Denver bakery investigated for refusing to write anti-gay messages on cake

22 Jan 2015 | Author: | No comments yet »

Baker faces complaint for refusing to write anti-gay message on Bible-shaped cake.

“I told him, ‘I’ll make you a cake any flavor and shape that you like and then I’ll give you the icing and you can write the message yourself,’” she told the Daily News.Marjorie Silva, owner of Azucar Bakery, was asked by a customer named Bill Jack in March of 2014 to bake cakes in the shapes of Bibles with phrases like “God hates gays” written on the cake, according to a USA Today report.DENVER — A dispute over a cake in Colorado raises a new question about gay rights and religious freedom: If bakers can be fined for refusing to serve married gay couples, can they also be punished for declining to make a cake with anti-gay statements? She said Jack left the store in a huff about the rebuffed fluff — and then filed a discrimination complaint in July with the civil rights division of the Colorado Department of Regulatory Agencies.

Silva said she read the piece of paper with the directions that Jack had handed her and said she wouldn’t do it, calling it “discriminatory and hateful.” Jack told a local news station that he felt “discriminated against by the bakery based on my creed,” according to the report. He is a co-founder of a Texas-based group called Worldview Academy, which describes itself on its website as a “a nondenominational organization dedicated to helping Christians to think and to live in accord with a biblical worldview.” It is affiliated with more than a dozen Christian college nationwide. But now a separate case puts a twist in the debate over discrimination in public businesses, and it underscores the tensions that can arise when religious freedom intersects with a growing acceptance of gay couples. After revealing the confectionary controversy, Silva on Monday posted a picture on Azucar Bakery’s Facebook page of her holding a cake that says, “Stop the hate!!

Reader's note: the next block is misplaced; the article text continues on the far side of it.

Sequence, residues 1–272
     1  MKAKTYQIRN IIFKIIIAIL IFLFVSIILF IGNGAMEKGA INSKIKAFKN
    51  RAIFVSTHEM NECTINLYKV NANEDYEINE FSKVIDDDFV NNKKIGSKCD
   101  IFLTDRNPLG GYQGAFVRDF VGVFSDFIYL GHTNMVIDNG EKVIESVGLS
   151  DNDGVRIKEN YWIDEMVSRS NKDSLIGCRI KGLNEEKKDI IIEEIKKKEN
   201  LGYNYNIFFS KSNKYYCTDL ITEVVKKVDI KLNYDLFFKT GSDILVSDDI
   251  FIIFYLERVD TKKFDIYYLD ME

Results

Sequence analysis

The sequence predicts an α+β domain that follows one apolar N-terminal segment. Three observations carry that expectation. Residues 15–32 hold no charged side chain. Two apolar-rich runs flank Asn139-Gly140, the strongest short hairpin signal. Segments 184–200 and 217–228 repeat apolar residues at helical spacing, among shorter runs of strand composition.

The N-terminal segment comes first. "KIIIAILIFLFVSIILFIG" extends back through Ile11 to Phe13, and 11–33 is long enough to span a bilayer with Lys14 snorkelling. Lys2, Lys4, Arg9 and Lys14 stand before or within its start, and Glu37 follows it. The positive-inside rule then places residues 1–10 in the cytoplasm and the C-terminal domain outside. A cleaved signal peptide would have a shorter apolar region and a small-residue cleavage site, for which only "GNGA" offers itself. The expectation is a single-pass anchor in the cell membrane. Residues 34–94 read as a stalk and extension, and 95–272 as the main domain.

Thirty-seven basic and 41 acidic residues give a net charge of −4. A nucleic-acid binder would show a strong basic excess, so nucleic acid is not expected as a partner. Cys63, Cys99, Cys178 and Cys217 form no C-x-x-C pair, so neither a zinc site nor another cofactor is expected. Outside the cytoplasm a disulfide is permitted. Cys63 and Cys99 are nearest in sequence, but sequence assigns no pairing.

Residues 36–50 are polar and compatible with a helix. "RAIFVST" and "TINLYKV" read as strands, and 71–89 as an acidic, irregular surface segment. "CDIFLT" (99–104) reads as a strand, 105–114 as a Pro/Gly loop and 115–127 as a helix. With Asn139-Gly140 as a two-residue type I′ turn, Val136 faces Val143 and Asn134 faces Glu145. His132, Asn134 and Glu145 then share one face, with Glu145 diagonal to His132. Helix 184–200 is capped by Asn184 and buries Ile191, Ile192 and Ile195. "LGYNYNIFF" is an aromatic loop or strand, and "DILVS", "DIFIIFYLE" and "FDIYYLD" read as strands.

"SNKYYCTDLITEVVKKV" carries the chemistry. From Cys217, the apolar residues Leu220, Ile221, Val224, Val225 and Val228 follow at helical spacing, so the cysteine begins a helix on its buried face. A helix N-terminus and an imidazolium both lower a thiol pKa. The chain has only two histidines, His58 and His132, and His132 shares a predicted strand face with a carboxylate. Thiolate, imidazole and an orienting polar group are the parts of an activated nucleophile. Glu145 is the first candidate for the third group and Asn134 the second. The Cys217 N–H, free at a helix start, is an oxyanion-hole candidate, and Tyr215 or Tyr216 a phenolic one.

Because Silva did not discriminate against an individual, but rather did not want to write a specific message that was contrary to her own beliefs, she is likely in the clear. It doesn’t matter if, you know, if you’re Catholic, or Jewish, or Christian, if I’m gay or not gay or whatever,” said Silva, 40, adding that she has made cakes regularly for all religious occasions. “We should all be loving each other. Out of respect for the process, I will wait for the director to release his findings before making further comments.” The case comes as Republicans in Colorado’s Legislature talk about changing the state law requiring that businesses serve gays in the wake of a series of incidents where religious business owners rejected orders to celebrate gay weddings.

Kevin Lundberg said the new case shows a “clash of values” and argued Colorado’s public accommodation law is not working. “The state shouldn’t come in and say to the individual businessman, ‘You must violate your religious — and I’ll say religious-slash-moral convictions. The department said it will make a decision within 30 days of the receipt of that letter. “The customer wanted us to draw two males holding hands with a big ‘X’ on them,” Silva said. “We never refuse service. The other baker, which we all know very well because of all the stories, clearly that was a violation of their religious convictions,” Lundberg said. Silva refused to put specific words on a cake while Jack Phillips, the baker who turned away the gay couple, refused to make any wedding cake for them in principle. “There’s no law that says that a cake-maker has to write obscenities in the cake just because the customer wants it,” said Mark Silverstein, legal director of the American Civil Liberties Union in Colorado.

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